By New Times
By Connor Radnovich
By Robrt L. Pela and Amy Silverman
By Ray Stern
By Keegan Hamilton
By Matthew Hendley
By Monica Alonzo
By Monica Alonzo
Only after some debate do they realize what the devices all add up to: a masturbatory suction machine.
"Oh my God," Stevens exclaims.
If to his congregation he was known as Roger Rudin, towering biblical figure and revelator of the endtimes, to Phoenix's gay community he was "Roger Rudino," flashy man about town with a seemingly endless supply of money, leather outfits and limousine rides.
At the same time, in 1985, that he railed against the sin of homosexuality in his church, only blocks away Rudin ran a gay bar called the Paradise Lounge.
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At the same time, in 1993, that he asked his worshipers to put off mortgage payments to save a financially troubled church, he had convinced gay community leaders that he planned to establish a gay mecca, complete with country-and-western bar and leather dungeon.
At the same time, in 1995, that members of his flock were asked to write letters on his behalf for, they were told, a part-time job, the letters actually went to support Rudin's plea for probation after his criminal conviction for cocaine possession.
At the same time that the gay community knew Rudin was living in Oregon avoiding court judgments and financial ruin, he somehow managed to show up each week to preach to his flock and maintain the fiction that he still lived in the Valley.
All but one member of the gay community contacted for this story say they had no idea Rudino was a Pentecostal minister with a church, an endtime message, a wife.
His former followers, meanwhile, say that from the beginning there were rumors about Rudin's sexual orientation, but they had no idea the extent of his activities in the gay community or that their money had been spent lavishly in gay bars.
About 30 adults remain in Roger Rudin's Upper Room Fellowship. Most are related to Ruth Stevens and her sister, and refuse to speak to them. The church members grieve for Rudin, and say they are struggling with the prospect of substituting the man they still consider to be a prophet.
He seems irreplaceable.
A day after the wedding, when they had started on their short honeymoon, Brother Rudin became very weak in body as the enemy tried to oppress him. They immediately returned to Jeffersonville so that Brother Branham could pray for Brother Rudin.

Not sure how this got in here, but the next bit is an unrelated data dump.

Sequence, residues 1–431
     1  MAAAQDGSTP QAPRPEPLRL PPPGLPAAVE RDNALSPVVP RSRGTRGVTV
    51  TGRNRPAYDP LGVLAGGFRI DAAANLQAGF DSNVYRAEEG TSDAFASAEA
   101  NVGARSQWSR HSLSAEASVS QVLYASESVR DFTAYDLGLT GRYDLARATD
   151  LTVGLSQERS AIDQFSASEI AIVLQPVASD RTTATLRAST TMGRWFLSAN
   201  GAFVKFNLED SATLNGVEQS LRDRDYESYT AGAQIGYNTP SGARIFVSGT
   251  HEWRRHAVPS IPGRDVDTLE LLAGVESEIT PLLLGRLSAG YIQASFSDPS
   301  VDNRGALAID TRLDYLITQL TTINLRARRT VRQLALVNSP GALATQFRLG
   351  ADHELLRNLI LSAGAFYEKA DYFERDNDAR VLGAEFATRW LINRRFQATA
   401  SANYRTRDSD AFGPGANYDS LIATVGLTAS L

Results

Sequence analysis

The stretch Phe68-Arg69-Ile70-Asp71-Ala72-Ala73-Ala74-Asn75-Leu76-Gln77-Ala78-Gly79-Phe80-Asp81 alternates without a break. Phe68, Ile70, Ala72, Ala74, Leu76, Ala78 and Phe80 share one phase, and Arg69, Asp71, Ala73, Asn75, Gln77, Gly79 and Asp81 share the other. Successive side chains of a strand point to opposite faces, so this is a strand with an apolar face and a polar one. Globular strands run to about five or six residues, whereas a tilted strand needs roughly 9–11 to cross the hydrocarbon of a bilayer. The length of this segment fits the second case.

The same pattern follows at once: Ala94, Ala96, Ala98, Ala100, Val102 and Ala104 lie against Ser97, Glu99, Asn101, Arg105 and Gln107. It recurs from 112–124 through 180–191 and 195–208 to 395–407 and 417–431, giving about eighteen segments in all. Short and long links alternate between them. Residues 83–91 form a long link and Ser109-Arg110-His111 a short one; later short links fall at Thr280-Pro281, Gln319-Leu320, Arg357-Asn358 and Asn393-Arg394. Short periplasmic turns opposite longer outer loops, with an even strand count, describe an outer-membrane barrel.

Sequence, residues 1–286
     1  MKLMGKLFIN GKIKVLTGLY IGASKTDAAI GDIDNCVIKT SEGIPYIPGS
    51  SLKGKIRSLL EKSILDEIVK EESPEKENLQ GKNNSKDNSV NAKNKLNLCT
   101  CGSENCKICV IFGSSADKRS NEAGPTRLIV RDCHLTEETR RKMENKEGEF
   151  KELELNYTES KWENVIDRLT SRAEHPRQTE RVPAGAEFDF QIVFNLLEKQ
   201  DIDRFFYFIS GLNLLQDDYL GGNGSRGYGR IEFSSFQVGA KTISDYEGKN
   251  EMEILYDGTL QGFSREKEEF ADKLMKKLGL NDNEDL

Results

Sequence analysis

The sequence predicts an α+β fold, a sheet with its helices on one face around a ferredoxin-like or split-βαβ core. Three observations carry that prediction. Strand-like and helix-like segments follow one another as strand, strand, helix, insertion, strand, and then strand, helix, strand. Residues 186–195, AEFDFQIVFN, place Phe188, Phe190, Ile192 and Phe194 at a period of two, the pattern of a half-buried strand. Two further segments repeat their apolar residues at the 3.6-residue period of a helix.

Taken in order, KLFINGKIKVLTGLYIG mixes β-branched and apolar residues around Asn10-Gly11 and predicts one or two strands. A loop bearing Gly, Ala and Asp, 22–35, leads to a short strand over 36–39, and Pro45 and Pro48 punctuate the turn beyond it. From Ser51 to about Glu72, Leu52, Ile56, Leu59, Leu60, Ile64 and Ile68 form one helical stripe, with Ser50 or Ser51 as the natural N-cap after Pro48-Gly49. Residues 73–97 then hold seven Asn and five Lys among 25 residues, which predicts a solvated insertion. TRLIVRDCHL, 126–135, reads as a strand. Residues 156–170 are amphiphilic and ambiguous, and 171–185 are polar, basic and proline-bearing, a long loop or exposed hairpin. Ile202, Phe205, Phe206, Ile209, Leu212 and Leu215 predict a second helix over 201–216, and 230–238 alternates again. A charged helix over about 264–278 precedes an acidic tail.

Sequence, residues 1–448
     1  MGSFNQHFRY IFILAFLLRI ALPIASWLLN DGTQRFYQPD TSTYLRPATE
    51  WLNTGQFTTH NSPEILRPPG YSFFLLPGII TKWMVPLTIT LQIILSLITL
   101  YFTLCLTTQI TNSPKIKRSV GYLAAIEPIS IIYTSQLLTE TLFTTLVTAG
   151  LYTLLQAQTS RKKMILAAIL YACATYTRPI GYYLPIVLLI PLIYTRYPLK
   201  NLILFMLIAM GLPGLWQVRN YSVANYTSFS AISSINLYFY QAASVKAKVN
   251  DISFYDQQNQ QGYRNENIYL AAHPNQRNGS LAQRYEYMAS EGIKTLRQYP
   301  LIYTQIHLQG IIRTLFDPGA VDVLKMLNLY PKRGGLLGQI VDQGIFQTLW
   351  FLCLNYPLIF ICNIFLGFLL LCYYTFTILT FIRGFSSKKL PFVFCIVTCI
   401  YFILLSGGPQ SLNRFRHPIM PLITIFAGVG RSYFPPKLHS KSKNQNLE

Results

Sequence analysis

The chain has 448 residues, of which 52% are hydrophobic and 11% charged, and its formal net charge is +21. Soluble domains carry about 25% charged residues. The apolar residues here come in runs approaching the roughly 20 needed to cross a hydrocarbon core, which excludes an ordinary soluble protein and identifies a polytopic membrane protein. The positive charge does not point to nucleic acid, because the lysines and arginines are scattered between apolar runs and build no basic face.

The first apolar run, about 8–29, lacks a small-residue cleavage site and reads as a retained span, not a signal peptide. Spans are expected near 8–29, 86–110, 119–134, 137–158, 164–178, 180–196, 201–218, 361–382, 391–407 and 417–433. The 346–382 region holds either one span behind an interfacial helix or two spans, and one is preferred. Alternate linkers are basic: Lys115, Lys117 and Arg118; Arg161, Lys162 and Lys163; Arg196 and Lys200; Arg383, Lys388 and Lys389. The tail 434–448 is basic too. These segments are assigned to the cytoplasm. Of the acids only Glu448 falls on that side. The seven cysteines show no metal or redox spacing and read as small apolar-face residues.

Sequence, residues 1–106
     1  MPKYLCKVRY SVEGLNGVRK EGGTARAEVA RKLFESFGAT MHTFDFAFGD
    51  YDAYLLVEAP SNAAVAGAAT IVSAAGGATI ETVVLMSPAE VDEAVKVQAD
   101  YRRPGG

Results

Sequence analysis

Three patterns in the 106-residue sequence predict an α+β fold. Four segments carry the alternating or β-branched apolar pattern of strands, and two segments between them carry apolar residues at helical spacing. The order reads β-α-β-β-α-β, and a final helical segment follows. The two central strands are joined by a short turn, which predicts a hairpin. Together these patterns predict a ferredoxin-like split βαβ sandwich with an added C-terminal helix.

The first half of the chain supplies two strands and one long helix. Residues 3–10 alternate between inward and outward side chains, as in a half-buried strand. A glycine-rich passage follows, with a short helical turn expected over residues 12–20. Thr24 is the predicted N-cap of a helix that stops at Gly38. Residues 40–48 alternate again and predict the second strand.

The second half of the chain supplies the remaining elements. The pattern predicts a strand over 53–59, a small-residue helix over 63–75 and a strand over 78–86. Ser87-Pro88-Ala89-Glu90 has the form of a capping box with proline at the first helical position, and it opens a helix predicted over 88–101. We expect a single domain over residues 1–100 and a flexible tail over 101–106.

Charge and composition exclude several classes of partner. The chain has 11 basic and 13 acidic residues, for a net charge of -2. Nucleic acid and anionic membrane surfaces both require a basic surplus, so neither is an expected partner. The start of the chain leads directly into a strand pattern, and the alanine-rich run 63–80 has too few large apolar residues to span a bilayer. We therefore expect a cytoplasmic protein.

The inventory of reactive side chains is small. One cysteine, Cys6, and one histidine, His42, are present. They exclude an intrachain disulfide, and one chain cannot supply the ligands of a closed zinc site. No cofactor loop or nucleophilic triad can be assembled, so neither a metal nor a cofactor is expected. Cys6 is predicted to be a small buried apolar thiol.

---from a Rudin booklet
Roger Rudin was born in St. Paul, Minnesota, in 1938, but to understand how he came near to godhood, it's important to start instead in the farms of Indiana following World War II. There, as in many parts of America's heartland, the end of the epic conflict had left a void that was quickly being filled with a yearning for miracles.
A generation of evangelists exploded in popularity in postwar America, including an uneducated, simple Indiana man with a limited vocabulary but an uncommon power for faith healing. Raised in utter poverty, William Marrion Branham had begun preaching in the 1930s, but it was after 1946 that his ministry caught fire. Through the 1950s, his legend grew; Branham was said to have raised the dead, could read minds, and could diagnose afflictions with a touch of his vibrating left hand. He gained huge popularity with Pentecostals. After 1960, however, he began to make truly astounding claims about himself which caused some churches to turn away from him; Branham proclaimed himself Elijah, the prophet which the Bible predicts will precede the second coming of Christ.
Branham said he had decoded the seven seals of the Book of Revelations (a feat that Branch Davidian leader David Koresh would make years later), and laid out many prophecies through the year 1995. What he didn't foresee, apparently, was the Texas drunken driver who slammed into his car in 1965; Branham died several days later. His followers waited months to bury him, hoping in vain that he would come back to life.
While he was still alive, Branham was an inspiration to many aspiring evangelists, including a young Iowa preacher named Roger Rudin who in 1959 had begun traveling the revival circuit. Like Branham, Rudin claimed to have received divinely inspired visions portending the future; Rudin considered it a great honor when Branham performed the ceremony uniting Rudin with his wife, Patricia Brown, in 1963. As church literature indicates, however, Rudin's wedding night was not a blissful one. Several versions circulate among Rudin's former believers: One story has him panicked about sleeping with a woman; another describes him running through a motel parking lot until he's tackled by a friend. The official version promoted by the church claimed that the Rudins' wedding night was ruined by a "cloud of oppression" sent by Satan.
Branham was recalled to counsel the shaken-up Rudin.
Two years later, when Branham lay dying in a Texas hospital bed, away in Iowa Rudin claimed that he was overtaken with a sense of foreboding. He excused himself from a Christmas dinner and retreated to a bedroom. There, Patricia found him "beside himself." Later, they realized that at that precise moment, the spirit had left William Branham.
For Rudin's followers, the message was clear: Rudin had replaced Branham as the true endtime prophet. In his sermons, carefully transcribed and still preserved along with his many papers, Rudin would spend hours hammering away at the parallels between himself and Branham, cementing this relationship in their minds.